Environmental education tours latest offering from WB 

Mountain's Summer product expansion continues

click to enlarge PHOTO BY BRADEN DUPUIS - The Great Outdoors Whistler Blackcomb mountain planner Arthur DeJong speaks to a group of media on Blackcomb Mountain Thursday, July 10.
  • Photo by Braden Dupuis
  • The Great Outdoors Whistler Blackcomb mountain planner Arthur DeJong speaks to a group of media on Blackcomb Mountain Thursday, July 10.

Two thousand metres up Blackcomb Mountain, high above the bustling mid-day activity of Whistler Village, Whistler Blackcomb's environmental resource manager and mountain planner Arthur DeJong is giving a presentation.

He motions across the vast expanse of the Fitzsimmons Valley to Whistler Mountain on the other side, and the patch of mountainside known as the Symphony Development.

A decade ago, he says, the tree removal footprint in the development was 40 per cent — now, that number is down to five.

"More and more we're trying to find ways to build experiences inside ecosystems rather than changing them," he says.

"So on the land use side we're always pushing that focus."

In an effort to provide those experiences for visitors, Whistler Blackcomb is introducing four new educational mountaintop tours this summer.

DeJong's tour, called Backstage Pass — Sustainability Defined, will focus on the effects of climate change on the mountain (adult $109).

"It's about how we are learning and innovating ways to (have less impact) with our recreational design on our mountain slopes," DeJong said.

"I will take our guests into some projects where we struggle, where we are not fully succeeding with our goals for erosion, and some of the things we're doing new to try to get better results."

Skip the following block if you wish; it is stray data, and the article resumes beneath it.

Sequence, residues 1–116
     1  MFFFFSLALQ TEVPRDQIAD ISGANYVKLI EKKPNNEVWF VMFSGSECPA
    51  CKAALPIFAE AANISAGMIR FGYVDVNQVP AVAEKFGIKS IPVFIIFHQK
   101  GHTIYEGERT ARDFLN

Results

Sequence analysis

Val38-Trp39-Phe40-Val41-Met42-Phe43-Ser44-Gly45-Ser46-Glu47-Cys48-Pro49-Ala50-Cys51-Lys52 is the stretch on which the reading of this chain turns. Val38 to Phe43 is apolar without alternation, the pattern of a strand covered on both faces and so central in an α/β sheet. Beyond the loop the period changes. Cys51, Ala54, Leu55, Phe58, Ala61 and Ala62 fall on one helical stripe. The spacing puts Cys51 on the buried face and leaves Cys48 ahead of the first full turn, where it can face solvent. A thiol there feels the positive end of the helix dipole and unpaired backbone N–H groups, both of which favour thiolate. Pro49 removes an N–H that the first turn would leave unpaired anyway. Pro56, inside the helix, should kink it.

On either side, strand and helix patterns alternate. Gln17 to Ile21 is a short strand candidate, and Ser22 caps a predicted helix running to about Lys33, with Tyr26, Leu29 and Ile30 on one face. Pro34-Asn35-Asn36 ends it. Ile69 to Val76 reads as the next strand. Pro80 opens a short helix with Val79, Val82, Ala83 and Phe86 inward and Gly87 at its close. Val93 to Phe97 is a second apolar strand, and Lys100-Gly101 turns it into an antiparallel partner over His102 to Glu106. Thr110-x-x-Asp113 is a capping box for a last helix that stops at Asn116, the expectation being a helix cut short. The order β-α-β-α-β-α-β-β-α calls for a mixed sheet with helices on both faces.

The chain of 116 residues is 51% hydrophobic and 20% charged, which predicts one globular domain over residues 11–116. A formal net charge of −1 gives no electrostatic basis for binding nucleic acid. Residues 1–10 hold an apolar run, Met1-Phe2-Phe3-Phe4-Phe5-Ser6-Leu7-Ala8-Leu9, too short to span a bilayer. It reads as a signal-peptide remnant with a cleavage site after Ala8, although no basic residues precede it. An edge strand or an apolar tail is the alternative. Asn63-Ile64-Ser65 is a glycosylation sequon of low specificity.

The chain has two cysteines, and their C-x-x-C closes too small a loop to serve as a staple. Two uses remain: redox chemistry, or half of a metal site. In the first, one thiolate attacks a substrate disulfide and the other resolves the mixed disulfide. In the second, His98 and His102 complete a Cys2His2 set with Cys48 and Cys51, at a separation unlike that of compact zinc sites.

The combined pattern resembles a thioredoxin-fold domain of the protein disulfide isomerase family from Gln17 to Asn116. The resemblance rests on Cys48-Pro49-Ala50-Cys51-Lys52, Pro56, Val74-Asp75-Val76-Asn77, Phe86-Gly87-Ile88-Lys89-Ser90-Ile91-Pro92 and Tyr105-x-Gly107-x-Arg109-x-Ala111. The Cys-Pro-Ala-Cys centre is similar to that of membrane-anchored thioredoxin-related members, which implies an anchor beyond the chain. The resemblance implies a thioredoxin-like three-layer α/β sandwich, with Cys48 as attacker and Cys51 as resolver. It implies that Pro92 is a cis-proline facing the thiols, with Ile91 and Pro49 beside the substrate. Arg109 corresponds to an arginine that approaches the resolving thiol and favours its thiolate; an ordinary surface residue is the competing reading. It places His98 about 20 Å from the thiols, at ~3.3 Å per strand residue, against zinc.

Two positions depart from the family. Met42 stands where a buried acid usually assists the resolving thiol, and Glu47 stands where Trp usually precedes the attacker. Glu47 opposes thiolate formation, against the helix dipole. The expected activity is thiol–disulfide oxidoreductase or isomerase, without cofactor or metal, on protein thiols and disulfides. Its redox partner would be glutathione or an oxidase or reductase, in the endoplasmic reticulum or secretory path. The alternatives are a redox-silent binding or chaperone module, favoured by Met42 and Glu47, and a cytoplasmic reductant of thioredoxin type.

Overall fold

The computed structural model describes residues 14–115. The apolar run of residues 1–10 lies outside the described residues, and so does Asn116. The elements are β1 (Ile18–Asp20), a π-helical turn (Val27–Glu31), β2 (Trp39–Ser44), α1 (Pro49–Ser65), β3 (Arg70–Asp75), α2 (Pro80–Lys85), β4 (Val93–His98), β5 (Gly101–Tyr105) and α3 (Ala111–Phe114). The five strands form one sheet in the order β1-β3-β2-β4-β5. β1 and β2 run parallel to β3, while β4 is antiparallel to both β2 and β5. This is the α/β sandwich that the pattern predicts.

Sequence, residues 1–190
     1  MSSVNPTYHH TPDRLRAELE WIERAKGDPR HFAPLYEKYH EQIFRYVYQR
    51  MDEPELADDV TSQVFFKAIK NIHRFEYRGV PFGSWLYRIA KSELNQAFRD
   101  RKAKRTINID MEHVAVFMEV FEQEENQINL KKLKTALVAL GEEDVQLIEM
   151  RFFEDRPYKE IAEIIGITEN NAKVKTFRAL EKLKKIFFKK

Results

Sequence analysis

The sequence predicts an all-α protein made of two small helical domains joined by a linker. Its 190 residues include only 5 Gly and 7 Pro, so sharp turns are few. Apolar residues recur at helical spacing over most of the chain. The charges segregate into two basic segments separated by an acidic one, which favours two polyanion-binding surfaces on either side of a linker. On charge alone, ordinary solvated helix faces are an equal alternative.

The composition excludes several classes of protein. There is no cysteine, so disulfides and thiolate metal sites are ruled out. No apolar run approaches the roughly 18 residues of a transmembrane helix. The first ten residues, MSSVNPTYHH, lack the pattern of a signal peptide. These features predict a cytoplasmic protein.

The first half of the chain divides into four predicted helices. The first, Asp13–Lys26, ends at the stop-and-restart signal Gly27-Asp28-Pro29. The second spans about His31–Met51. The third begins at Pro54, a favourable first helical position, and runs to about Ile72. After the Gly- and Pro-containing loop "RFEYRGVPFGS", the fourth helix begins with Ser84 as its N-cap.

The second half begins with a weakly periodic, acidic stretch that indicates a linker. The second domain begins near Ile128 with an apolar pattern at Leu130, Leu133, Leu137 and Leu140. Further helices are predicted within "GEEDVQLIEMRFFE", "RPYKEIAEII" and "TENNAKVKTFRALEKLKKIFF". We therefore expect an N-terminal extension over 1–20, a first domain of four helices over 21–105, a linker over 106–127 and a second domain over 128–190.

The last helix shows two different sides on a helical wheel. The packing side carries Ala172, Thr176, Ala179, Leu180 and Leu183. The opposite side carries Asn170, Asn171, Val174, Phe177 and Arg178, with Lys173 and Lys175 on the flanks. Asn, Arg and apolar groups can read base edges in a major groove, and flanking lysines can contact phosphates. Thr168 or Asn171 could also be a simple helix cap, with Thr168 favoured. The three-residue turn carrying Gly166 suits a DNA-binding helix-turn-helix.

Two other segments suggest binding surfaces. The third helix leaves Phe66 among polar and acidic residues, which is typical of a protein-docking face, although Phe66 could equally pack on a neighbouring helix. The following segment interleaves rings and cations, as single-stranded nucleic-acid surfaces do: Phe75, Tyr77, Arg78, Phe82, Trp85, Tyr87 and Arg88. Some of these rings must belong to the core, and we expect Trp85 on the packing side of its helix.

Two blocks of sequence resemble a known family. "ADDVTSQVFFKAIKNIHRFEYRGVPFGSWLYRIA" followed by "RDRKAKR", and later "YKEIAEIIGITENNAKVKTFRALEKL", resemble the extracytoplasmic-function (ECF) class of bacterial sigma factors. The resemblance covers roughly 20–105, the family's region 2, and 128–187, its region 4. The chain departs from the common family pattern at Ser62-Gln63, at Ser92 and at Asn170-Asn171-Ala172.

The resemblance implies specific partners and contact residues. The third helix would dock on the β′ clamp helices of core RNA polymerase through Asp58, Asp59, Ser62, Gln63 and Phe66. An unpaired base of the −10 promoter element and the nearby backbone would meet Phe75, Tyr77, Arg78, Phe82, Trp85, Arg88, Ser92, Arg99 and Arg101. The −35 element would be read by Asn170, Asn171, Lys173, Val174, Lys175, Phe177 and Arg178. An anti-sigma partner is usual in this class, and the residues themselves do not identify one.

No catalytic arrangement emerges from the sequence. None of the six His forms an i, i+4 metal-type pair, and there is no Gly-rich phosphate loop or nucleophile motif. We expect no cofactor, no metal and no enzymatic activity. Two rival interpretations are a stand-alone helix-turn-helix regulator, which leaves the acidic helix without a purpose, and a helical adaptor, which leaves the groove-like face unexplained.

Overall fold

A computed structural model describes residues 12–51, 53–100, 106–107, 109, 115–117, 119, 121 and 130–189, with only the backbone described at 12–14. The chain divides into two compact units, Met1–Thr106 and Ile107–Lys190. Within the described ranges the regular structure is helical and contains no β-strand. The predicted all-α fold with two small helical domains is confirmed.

The purpose behind the new additions is twofold — driving summer growth and offering environmental education to the public.

Simply being up one of Whistler's trademark mountains on a clear summer day is enough to get the message of sustainability across, a fact not lost on DeJong and Whistler Blackcomb.

"We're simply sharing the stories, the successes, the failures, and (also) sharing this great office that we have the privilege to work in," DeJong said.

"And hopefully through that dialogue they take away some inspiration to make some footprint-reduction changes in their lives, and in their businesses."

And through another new introduction, Whistler Blackcomb is hoping guests can learn to capture some of Whistler's beauty for themselves.

"The idea is that you get a chance to photograph from the top of the mountain at that magic time of evening when the light is pretty special," said David McColm, who'll be guiding guests on the new Twilight Photography tour this summer (adult $189).

"My role is basically to get you to some interesting places and get you some cool photos."

The photography tours are open to anyone with a camera, and McColm will help guide participants to some amazing results.

"That's why I love shooting in Whistler, it's just amazing, and every day is different," he said.

"You can go to the same place 100 times and get something different every time, and that's why I don't get bored."

Rounding out the new additions are helicopter sightseeing tours offered by Blackcomb Aviation ($159 or $210 depending on length of flight), and an educational geology and ecology tour, the Journey of the Ancient Peaks — A Geology and Ecology Tour, which takes visitors back millions of years to the formation of Whistler and Blackcomb mountains' breathtaking alpine environments. Guides will explain Whistler's key geological milestones, as well as highlight the flora, fauna, and effects of climate change along the way ($50 without lift ticket).

For DeJong, the tours present an educational opportunity at a crucial moment for the planet.

"We don't live in interesting times, we live in defining times in terms of the ecological state of the planet," he said.

"I feel obligated — but very willingly — to try to inspire others to reconnect with their landforms wherever they're from, wherever they live, and to find ways to protect them in a way that we have a positive future.



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